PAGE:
Tree trimming plans bad for neighborhoods, may be illegal

Mar 6th, 2014 | By | Category: General

Connecticut Fund for the Environment spoke at a technical meeting March 5 regarding Connecticut Light & Power’s (CL&P) tree-trimming plan, hosted by the Public Utility Regulatory Authority (PURA).

The meeting, as well as a public information session this evening and a similar event March 6 in United Illuminating’s (UI) service territory, are part of an effort by PURA to gather public input and expert advice on the electrical utilities’ controversial proposals. The plans call for rigid line clearance standards known as “Enhanced Tree-Trimming,” which involves cutting all trees and limbs within eight feet of utility lines. A pilot of the plan in Hamden has already met with fierce public opposition.

“We’re pleased that PURA and the utilities have an opportunity to hear from the public they serve why these aggressive tree-trimming plans are bad for Connecticut’s neighborhoods,” said Zachary Bestor, legal fellow at CFE. “The plans proposed by UI and CL&P would lead to the removal of far too many healthy trees—trees that shade our sidewalks, clean the air, reduce erosion and stormwater runoff, and raise property values. No one wants to live in a clear-cut neighborhood.”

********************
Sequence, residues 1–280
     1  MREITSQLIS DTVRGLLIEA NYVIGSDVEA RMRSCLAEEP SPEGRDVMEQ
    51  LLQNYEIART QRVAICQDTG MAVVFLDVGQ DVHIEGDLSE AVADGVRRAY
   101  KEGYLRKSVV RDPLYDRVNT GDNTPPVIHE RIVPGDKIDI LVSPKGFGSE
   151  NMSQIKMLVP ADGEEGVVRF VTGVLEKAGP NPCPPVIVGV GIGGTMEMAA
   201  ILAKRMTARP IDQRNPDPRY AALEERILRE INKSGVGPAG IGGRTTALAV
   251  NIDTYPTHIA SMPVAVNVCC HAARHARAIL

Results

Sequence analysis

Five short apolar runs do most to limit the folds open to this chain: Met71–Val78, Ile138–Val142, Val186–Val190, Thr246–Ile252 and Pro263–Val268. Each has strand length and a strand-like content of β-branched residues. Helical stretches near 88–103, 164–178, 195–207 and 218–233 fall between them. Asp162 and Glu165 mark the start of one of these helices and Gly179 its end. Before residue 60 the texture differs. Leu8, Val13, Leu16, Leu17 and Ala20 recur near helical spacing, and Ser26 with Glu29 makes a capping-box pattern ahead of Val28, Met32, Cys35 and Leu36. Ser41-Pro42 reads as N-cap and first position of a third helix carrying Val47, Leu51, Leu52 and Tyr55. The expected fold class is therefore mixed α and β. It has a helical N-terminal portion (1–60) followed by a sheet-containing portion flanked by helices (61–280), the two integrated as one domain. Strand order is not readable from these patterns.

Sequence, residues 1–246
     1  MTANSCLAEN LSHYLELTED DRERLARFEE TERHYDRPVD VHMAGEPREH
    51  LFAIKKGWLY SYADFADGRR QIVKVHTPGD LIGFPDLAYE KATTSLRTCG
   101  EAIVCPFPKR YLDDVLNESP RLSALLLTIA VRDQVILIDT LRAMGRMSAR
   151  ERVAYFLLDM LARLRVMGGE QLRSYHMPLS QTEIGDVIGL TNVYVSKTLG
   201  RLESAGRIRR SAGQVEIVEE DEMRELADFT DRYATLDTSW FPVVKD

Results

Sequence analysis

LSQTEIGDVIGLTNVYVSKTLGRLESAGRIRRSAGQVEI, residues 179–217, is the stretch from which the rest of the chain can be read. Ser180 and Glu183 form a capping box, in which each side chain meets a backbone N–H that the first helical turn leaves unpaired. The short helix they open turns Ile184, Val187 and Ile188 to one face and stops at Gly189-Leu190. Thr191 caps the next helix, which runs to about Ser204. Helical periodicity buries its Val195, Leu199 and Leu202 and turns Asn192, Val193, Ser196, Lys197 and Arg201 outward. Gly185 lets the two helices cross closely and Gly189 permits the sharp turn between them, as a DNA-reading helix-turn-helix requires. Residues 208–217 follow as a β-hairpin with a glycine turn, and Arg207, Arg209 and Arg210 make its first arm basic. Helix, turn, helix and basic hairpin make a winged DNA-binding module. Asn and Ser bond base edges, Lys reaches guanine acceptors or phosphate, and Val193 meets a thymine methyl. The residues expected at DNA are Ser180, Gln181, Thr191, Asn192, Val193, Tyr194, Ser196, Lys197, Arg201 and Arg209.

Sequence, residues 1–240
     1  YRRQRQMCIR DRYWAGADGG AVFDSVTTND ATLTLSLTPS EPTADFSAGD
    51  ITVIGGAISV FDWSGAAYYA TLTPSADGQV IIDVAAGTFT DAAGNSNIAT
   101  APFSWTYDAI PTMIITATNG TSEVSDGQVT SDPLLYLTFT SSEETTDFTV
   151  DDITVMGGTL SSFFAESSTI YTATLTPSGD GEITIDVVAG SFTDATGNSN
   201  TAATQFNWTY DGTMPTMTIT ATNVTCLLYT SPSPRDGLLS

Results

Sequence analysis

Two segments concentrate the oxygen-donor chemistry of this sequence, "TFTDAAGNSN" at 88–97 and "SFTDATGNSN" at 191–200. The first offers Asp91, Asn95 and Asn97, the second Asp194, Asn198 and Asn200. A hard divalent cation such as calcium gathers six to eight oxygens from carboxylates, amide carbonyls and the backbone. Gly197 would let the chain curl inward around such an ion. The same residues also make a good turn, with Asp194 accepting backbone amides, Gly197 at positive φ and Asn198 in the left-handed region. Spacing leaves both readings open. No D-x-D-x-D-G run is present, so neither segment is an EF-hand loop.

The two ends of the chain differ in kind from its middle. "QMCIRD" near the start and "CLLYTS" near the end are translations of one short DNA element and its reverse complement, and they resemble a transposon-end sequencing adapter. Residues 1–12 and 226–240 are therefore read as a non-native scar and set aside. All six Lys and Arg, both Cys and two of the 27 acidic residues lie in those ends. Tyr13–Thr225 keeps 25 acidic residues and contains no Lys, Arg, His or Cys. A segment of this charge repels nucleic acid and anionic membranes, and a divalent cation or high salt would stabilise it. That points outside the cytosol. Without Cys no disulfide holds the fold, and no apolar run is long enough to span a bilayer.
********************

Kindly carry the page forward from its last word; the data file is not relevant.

According to Bestor: “Tree trimming and removal of non-hazardous trees based solely on being within an arbitrary distance from the lines is illegal under state law, to the extent that they are contrary to the SVMTF report.”

“But not only are the plans bad for aesthetic and environmental reasons, they’re actually inconsistent with state law,” continued Bestor.

A bill passed last year, Public Act 13-298, declares that until the Department of Energy and Environmental Protection issues standards to identify trees and shrubs compatible with utility infrastructure, the final report of the State Vegetation Management Task Force dictates what trees are “compatible.” The task force recommends, among other things, that trees may only be slated for removal based on the risk that they pose, as determined by science-based professional training and risk assessment. In contrast, the utilities’ proposal would cut down trees based only upon their distance from power lines, and does not promise replacement with other vegetation or even removal of tree stumps.

“We believe it is possible to reduce risk to electrical infrastructure while retaining the street trees that make our neighborhoods enjoyable and unique. We hope that these forums will provide UI, CL&P, and PURA with the information they need to craft a balanced approach that uses the vegetation task force’s recommendations to selectively remove trees that genuinely threaten power lines while retaining the character of our cities and towns,” Bestor said.

To provide input on UI’s plan, the public may attend a combined technical meeting and public information session scheduled for 6:30 pm at Hamden Middle School on Thursday, March 6.

Be Sociable, Share!
Tags: , , ,

One Comment to “Tree trimming plans bad for neighborhoods, may be illegal”

  1. Ed Golinowski says:

    You cannot have it both ways. Recent storm damage has intensified costs to communities while creating unnecessary hazards. Aggressive utility trimming with professional supervision is the short term answer. Underground utilities are more prudent in solving this problem

Leave a Comment